One thing I miss from my old stereo system is the big volume knob, maybe you wish your computer or laptop had a volume knob too, too? This tutorial will show how you can build a little desktop toy that lets you quickly set the volume without having to open up iTunes or your control panel or run amixer

If you have a rotary encoder with a built-in switch, you can even extend this project to turn it into a volume/mute control

How it works!

The Trinket's USB port is used for uploading sketches, but you can also use it for some basic USB 1.1 devices. For example, under USB 1.1, you can make low speed USB devices such as...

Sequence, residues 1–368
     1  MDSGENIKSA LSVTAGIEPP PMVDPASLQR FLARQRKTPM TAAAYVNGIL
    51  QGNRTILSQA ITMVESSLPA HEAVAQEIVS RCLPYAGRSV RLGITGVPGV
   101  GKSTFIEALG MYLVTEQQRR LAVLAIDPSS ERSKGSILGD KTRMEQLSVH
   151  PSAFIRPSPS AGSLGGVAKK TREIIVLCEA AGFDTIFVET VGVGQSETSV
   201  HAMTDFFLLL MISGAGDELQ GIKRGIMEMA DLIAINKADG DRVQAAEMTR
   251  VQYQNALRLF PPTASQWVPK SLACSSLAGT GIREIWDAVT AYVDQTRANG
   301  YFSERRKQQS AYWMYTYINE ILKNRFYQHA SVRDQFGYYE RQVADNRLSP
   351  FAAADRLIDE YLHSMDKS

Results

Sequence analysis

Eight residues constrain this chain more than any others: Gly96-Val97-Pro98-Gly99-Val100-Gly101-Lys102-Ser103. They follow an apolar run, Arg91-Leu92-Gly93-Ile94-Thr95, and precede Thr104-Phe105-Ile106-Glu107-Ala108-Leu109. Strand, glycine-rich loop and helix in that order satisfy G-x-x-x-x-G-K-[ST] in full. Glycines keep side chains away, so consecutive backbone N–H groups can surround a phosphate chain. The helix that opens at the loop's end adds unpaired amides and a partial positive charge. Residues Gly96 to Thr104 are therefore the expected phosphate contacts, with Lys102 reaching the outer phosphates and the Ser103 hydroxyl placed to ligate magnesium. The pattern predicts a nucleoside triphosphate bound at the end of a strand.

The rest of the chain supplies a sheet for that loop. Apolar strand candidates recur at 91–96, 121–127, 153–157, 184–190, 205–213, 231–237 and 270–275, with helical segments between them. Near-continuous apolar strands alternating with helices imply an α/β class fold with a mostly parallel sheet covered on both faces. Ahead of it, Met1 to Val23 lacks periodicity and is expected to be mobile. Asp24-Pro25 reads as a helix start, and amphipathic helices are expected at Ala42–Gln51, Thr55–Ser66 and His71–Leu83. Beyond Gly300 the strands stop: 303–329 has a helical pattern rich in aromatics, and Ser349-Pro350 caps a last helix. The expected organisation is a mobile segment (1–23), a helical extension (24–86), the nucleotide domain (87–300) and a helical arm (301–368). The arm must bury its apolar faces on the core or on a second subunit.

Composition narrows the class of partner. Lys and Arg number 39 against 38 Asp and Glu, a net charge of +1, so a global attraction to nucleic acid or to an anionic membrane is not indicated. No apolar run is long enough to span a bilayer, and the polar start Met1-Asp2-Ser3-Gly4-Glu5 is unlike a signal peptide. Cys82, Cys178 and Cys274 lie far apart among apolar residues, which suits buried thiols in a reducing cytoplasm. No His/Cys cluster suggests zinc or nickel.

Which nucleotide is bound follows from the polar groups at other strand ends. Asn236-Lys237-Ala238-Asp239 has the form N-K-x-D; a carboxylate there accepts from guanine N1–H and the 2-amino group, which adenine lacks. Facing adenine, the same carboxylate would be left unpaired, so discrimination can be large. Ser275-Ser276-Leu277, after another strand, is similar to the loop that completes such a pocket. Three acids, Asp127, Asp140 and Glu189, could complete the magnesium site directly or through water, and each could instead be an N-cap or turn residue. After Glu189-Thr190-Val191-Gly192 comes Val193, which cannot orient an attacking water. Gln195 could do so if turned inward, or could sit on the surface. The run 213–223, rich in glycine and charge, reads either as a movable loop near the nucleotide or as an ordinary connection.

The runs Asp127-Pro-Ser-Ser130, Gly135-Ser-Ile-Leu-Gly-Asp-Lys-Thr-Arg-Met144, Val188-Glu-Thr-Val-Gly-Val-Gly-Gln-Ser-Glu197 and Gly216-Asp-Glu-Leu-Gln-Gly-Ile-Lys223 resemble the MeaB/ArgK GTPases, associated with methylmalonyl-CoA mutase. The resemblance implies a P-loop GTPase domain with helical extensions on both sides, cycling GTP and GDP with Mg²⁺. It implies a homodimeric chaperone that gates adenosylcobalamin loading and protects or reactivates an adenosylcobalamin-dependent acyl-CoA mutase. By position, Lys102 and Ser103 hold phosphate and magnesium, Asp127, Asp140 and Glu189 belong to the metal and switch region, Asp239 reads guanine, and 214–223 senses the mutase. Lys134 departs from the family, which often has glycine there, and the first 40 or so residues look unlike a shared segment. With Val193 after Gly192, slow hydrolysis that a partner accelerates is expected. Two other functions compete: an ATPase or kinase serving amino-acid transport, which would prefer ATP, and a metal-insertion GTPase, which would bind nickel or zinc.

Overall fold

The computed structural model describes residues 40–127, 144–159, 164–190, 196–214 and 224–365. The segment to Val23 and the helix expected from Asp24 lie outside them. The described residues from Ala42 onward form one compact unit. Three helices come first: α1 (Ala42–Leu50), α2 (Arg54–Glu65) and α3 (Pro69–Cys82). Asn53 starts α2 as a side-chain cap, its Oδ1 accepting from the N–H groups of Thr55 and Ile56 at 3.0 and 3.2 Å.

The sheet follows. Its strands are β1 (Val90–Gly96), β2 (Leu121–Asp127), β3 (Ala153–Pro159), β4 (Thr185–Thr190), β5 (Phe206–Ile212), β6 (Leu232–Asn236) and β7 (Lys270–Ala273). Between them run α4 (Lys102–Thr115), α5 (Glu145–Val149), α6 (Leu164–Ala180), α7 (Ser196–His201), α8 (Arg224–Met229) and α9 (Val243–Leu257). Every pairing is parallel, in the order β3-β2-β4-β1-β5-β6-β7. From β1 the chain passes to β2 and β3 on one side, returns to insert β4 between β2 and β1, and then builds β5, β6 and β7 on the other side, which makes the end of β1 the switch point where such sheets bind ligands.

• HID devices
    • mouse
    • keyboard
    • joystick/gamepad/flightsim
    • many more... the drivers come from the operating system
  • MIDI devices (input notes from sensors, or generate outputs from notes, etc)
  • Custom devices (you have to write your own driver though)
  • There are a few more rare applications
However, USB 1.1 cannot do stuff like virtual serial ports or mass storage devices, these require USB 2.0, sorry.

The easiest and most useful are HID devices. Such as a USB keyboard (link to another tutorial).

Today, keyboards have multimedia keys, such as play/pause or volume control. I will show you how to combine a Trinket and a rotary encoder to create a USB volume control knob.

This guide was first published on Oct 10, 2013. It was last updated on Mar 08, 2024.

This page (Overview) was last updated on Oct 10, 2013.

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